The catalysts used in accordance with the invention are inorganic metals or metal compounds that are not generally soluble in organic solvents. Thus, as will be described below, organic wax products are separated from the catalysts by solvent extraction into a dense organic fluid in accordance with the invention. In general, the catalyst used may be any suitable catalyst conventionally employed for carbon monoxide hydrogenation with the Fischer-Tropsch type synthesis. Such catalysts contain, as known, metals of Group VIII of the Periodic Table, including iron, nickel, cobalt and ruthenium. To the extent that the catalyst employed for the synthesis in liquid medium in accordance with the invention is completely free from activators or consist of the Group VIII metals or their compounds only, it is desirable to add suitable activating substances conventionally known and used for synthesis of the Fischer-Tropsch type. Such activating substances include metals such as copper, thorium or magnesium or their compounds in quantities which do not exceed more than a few percent of the Group VIII metal catalyst. Additional increases in activity can be achieved by adding alkali compounds to the catalyst such as potassium or sodium. Suitable alkali compounds are the oxides, hydro-oxides, carbonates, hydrocarbonates, phosphates, silicates and borates of sodium and potassium, furthermore their formates, acetates or the salts of higher organic acids, such as soaps. In addition to the above, catalysts of nonmagnetic material such as cobalt also may be selected and separated from wax product in accordance with the invention.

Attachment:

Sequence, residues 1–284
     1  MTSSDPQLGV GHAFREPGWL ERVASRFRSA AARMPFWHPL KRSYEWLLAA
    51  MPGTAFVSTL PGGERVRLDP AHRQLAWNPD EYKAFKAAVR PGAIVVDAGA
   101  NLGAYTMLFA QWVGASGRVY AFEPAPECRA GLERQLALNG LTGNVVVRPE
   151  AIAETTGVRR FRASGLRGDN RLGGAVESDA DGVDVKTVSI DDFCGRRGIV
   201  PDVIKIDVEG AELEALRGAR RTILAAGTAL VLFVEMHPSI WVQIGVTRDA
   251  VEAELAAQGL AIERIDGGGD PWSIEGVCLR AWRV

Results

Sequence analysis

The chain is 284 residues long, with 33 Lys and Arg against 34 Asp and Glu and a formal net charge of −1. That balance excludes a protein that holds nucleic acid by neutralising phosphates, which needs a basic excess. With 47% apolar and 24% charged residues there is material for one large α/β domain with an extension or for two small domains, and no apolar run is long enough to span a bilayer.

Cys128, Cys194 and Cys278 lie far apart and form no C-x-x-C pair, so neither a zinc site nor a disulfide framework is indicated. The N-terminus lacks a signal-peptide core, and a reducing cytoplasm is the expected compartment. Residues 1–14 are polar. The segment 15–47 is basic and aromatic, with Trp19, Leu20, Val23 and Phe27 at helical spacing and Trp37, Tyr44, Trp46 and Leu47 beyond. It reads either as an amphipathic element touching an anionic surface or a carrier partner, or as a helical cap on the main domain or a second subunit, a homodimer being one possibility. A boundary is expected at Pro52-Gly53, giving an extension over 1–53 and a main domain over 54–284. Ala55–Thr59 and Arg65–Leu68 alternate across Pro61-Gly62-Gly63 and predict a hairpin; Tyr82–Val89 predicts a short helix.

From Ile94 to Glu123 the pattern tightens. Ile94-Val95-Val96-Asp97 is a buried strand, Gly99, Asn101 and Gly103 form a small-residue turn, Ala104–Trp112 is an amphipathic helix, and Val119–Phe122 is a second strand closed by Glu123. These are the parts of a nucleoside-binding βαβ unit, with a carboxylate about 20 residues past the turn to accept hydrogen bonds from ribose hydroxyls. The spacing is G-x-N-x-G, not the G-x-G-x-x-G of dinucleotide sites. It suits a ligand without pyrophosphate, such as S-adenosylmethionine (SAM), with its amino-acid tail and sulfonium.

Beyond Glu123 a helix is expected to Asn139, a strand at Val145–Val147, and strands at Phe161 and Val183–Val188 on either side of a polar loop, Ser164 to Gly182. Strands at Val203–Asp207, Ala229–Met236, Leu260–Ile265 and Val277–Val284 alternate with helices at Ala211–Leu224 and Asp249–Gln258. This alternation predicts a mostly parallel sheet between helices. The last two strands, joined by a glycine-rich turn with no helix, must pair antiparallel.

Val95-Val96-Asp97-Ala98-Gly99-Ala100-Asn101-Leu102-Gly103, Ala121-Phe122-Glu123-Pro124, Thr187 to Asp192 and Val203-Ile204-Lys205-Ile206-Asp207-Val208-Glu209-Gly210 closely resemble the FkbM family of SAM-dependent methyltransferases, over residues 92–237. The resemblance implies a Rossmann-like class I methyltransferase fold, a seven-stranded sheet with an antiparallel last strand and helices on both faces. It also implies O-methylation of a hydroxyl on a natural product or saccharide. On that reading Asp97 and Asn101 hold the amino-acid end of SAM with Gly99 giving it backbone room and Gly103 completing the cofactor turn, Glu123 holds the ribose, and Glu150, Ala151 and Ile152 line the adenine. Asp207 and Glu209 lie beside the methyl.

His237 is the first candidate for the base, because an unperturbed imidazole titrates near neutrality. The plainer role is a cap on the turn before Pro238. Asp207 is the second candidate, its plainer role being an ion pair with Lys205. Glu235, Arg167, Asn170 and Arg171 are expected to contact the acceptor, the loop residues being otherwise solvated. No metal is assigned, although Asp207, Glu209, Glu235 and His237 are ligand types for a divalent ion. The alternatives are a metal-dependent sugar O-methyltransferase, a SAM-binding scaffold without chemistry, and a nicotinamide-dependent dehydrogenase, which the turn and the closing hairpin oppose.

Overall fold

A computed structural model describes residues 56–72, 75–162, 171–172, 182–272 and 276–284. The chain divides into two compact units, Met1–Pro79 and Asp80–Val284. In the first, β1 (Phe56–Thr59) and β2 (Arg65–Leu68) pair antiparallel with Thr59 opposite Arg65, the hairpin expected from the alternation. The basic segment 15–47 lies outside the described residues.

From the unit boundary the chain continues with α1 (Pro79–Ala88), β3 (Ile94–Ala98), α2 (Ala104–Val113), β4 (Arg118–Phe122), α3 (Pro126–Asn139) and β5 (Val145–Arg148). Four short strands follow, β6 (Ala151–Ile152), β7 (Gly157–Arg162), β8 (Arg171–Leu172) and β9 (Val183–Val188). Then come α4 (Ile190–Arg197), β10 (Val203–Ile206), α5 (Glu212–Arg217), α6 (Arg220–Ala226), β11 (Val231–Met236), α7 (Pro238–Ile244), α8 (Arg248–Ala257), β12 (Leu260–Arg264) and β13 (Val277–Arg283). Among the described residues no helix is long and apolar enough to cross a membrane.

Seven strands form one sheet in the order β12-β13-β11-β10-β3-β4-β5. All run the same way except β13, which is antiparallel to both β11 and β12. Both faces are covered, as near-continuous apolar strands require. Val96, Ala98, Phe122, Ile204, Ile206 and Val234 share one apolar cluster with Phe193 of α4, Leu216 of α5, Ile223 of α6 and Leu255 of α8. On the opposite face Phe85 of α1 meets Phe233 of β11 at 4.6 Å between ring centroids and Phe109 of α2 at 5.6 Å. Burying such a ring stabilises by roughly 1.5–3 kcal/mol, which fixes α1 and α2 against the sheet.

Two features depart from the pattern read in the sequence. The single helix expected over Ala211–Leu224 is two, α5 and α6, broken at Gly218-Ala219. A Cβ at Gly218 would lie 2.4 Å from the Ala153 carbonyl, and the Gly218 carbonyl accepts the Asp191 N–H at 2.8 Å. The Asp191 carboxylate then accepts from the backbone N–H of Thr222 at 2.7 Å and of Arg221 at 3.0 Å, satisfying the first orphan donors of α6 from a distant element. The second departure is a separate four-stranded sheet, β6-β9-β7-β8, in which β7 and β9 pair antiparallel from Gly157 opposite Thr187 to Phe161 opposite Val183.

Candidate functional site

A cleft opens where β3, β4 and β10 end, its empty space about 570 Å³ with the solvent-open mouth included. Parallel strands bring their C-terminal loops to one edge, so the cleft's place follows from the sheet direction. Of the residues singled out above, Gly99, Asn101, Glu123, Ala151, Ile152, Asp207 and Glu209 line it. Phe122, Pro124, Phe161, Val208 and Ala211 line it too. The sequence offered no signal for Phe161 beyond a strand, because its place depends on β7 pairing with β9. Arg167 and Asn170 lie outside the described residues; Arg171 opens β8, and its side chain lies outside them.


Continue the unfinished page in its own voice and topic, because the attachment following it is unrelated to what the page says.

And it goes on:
In general, the Fischer-Tropsch synthesis reaction will be carried out at well known operating conditions. Preferably, a low H.sub.2 /CO ratio synthesis gas, 0.1 to 1 and more usually in the range of 0.5 to about 0.8 which is typically obtained by high efficiency gasification of coal as set forth in detail in U.S. Pat. No. 4,252,736 incorporated herein by reference, is converted in the slurry catalyst Fischer-Tropsch reactor at a temperature within the range of about 200 to about 320 of about 3 to 70 atmospheres (44 to 1030 psig). Synthesis gas derived from methane with H.sub.2 /CO ratio near 2 can also be used. The contact time of the synthesis gas is chosen to provide high conversion per pass, at least 50 percent, preferably 70 to 95 percent. This value depends on the length of the reactor, the nature of the Fischer-Tropsch catalyst and its concentration in the slurry. The preferred catalyst is one comprised of 100 parts Fe, 0.3 to 3.0 parts Cu and 0.1 to 1.5 parts K.sub.2 CO.sub.3 by weight. Precipitated catalysts are preferred over supported catalysts. A space velocity between about 0.5 liter and 10 liters of synthesis gas (STP) per gram iron per hour will provide the desired high conversion. Catalyst concentrations of 20 to 50% can be used in slurry phase Fischer-Tropsch reactors. Within these operating parameters, the temperature exotherm encountered by any given suspended catalyst particle in the liquid phase material is closely retained within the narrow limits, thereby contributing to a more satisfactory operation of the system for producing liquid products. The suspended catalyst particles retained in the liquid phase may be selected from within the range of about 1 to 50 microns, thereby providing a larger amount of surface-active sites than obtainable with larger size catalyst particles or extrudate used in fluid and fixed catalyst bed systems. The low temperature operation contemplated is particularly desirable for reducing the production of C.sub.1 and C.sub.2 hydrocarbons, for reducing carbon buildup on the catalyst and for improving selectivity operation for producing liquid hydrocarbon. Thus, not only is the liquid product selectively maintained high by the low temperature liquid slurry Fischer-Tropsch operation, but the use of a low cost gasifier which reduces synthesis gas production costs from 20 to 40 percent can be used to advantage with the slurry Fischer-Tropsch catalyst operation.